I am a seller online of handmade baby shoes and I have received emails from another company complaining of one of my designs being "too similar" to hers. She is now threatening to sue me for Trademark infringement if I do not remove my design.
I do not use the same verbiage, packaging, or logos as her. One of my shoes has similar ruffles on it but no where near identical and can definitely be identified as two different sellers.
What can I do to fight this?
1 Answer from Attorneys
You need not fight it at all, if you are confident that the claims are baseless -- at least not until she actually sues. On the other hand, if she has threatened to sue, you could actually sue for a declaratory judgment. Or, perhaps a firm letter from your attorney in response would be education enough that the company leaves you alone. Weighing the best option is best done with the advice of your attorney. Not only can your attorney help weigh the legal options, but a good one will also help you look at it more objectively -- sometimes, having a right to sue is not a good enough reason to sue. Sometimes, ignoring a baseless claim could prove costly (even a fool can sue).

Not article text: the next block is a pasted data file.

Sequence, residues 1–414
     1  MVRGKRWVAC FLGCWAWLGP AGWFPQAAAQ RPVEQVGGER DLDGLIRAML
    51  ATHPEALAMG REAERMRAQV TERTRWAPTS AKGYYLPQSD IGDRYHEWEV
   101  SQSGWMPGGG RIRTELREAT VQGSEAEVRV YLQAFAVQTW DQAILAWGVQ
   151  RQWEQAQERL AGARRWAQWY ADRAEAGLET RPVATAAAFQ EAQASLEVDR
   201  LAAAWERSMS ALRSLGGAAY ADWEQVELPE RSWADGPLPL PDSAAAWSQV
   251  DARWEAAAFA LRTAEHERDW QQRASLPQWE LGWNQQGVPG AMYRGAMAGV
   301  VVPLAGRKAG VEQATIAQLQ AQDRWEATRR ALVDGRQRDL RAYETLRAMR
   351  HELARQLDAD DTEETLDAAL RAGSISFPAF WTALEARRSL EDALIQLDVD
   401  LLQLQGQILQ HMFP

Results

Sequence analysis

In the meantime, take a look at the trademark and consider whether the design they are complaining about is likely to cause confusion for a consumer familiar with the one registered by the complaining company (presumably, if it is a federal TM, they gave you a registration number, and you can look it up at www.uspto.gov). Have both their mark and your ruffle with you when you speak with your attorney so that the attorney can make an objective evaluation, because it will be hard to evaluate a mere description of "similar ruffles". (My guess is that most trademark lawyers would find it hard to imagine a baby shoe ruffle being used as a trademark, so showing them the actual trademark, and your ruffle in comparison, would be helpful.)